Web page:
Are Antibiotics Making Patients Sick?

When you get sick, do you immediately think a prescription for antibiotics would help? Worse yet, do you take what’s left of an old antibiotic prescription?

There is no doubt that antibiotics can be a vitally important medical tool that are effective in treating bacterial infections, certain fungal infections and some kinds of parasites. They are not, however, useful in treating viral infections, such as colds and influenza, most ear infections, or stomach flu. Research shows that antibiotic misuse and overuse is leading to significant health problems.

You may have heard that repeated and improper use of antibiotics is leading to an increase in the number of drug-resistant bacteria. A recent study conducted by the Mayo Clinic shows that C. diff (Clostridium difficile) infections are becoming more common and more severe in hospitalized children and the elderly, due in large part to an increased use of antibiotics. C. diff is a type of bacteria that can cause an infection with symptoms ranging from diarrhea to life-threatening inflammation of the colon. It is the most common cause of diarrhea in hospital, and is linked to 14,000 U.S. deaths per year, and its treatment costs are estimated at $1 billion annually.

For the Mayo Clinic study, researchers analyzed five years of data from the National Hospital Discharge Survey. Of the 13.7 million hospitalized children included in the study, the 46,176 with C. diff infections had significantly longer hospital stays, more instances of colectomy (a partial or total removal of the colon), an increased admission to long- or short-term care facilities, and a higher risk of death.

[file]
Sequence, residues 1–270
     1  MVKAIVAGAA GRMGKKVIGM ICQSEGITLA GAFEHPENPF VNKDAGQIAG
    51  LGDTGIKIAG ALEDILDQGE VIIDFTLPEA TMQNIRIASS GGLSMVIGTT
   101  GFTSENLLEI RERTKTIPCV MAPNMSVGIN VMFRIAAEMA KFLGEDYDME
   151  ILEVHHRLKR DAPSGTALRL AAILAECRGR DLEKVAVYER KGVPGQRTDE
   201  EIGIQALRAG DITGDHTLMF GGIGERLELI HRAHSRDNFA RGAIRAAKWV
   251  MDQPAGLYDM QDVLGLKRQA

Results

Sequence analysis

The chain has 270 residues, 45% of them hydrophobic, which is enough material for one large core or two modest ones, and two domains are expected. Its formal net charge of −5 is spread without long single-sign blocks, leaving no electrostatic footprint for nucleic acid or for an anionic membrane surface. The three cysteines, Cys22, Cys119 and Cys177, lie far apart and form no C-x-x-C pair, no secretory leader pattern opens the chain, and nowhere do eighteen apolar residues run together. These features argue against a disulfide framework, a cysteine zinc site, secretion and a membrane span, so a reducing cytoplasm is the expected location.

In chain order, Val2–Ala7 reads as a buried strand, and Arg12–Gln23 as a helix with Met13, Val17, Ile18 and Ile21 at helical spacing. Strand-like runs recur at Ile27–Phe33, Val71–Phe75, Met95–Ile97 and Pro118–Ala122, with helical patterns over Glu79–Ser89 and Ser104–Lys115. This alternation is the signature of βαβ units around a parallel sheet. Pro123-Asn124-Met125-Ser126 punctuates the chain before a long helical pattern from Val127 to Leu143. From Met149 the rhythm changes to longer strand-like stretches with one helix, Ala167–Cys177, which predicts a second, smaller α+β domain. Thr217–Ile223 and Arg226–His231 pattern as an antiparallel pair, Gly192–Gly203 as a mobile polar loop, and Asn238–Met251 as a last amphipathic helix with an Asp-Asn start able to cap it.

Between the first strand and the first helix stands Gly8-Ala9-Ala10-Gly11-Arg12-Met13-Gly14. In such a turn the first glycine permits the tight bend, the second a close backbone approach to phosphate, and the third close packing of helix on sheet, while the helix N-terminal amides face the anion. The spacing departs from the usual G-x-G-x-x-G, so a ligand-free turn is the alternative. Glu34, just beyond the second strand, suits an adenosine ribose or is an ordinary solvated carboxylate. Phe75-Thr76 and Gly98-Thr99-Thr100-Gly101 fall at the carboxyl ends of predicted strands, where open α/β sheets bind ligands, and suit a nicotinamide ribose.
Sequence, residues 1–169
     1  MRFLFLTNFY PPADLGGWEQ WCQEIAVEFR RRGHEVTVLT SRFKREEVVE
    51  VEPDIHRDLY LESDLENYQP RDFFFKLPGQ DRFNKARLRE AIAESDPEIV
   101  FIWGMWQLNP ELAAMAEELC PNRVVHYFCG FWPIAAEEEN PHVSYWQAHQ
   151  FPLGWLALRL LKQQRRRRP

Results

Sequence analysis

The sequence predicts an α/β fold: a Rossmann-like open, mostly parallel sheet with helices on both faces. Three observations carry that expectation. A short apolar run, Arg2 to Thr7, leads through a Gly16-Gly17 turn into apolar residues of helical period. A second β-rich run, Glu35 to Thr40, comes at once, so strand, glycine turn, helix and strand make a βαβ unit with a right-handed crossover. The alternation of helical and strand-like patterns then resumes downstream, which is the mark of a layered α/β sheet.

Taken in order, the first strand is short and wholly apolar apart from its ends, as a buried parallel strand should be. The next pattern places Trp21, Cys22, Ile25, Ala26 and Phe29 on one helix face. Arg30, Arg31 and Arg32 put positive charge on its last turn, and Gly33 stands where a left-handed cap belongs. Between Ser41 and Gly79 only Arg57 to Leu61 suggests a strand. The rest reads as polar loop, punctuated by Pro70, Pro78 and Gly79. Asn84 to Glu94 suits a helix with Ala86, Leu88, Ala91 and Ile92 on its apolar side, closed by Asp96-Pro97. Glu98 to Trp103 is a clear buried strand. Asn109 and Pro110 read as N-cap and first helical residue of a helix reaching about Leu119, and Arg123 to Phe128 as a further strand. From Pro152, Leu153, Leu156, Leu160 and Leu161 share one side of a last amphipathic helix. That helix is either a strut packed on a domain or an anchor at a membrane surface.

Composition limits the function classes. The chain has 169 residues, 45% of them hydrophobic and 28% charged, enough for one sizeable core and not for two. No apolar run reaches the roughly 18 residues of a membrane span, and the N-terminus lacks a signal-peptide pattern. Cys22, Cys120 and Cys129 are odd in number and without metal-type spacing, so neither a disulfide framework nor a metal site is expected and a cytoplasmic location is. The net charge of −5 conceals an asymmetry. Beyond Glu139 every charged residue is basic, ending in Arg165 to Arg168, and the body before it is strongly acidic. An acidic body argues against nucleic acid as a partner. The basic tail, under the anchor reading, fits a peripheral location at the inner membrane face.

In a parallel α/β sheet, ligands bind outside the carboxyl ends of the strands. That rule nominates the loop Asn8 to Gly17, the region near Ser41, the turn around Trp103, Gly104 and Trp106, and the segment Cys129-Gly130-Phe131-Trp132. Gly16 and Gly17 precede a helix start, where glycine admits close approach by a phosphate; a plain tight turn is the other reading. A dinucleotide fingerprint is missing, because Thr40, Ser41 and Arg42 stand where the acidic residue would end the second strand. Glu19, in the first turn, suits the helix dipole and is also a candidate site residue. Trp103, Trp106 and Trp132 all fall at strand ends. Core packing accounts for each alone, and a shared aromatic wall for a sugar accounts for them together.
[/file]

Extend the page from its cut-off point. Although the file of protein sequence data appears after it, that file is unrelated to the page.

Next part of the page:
In a separate study, researchers looked at data for 1.3 million hospitalized adult patients who suffered from C. diff infections. The study found that patients 65 and older had longer hospital stays, were sent to nursing homes more frequently, and had a greater risk of death.

Researchers attribute an increased use of antibiotics as the main reason for an increase in C. diff infection rates. When patients take antibiotics, good bacteria that protect against infection are destroyed for several months. This lack of good bacteria leaves patients more vulnerable to C. diff, which can be picked up from contaminated surfaces such as toilets or bathtubs, or spread from a health care provider’s hands.

To reduce your risk of contracting a C. diff infection, follow these preventive measures:

  • Avoid unnecessary use of antibiotics.
  • When on antibiotics, take a probiotic to restore intestinal tract balance.
  • Wash your hands frequently with soap and warm water.
  • Be sure that all doctors, nurses and other healthcare providers clean their hands with soap and water or an alcohol-based hand sanitizer before treating you.
  • Thoroughly clean surfaces with a cleaning product that contains chlorine bleach.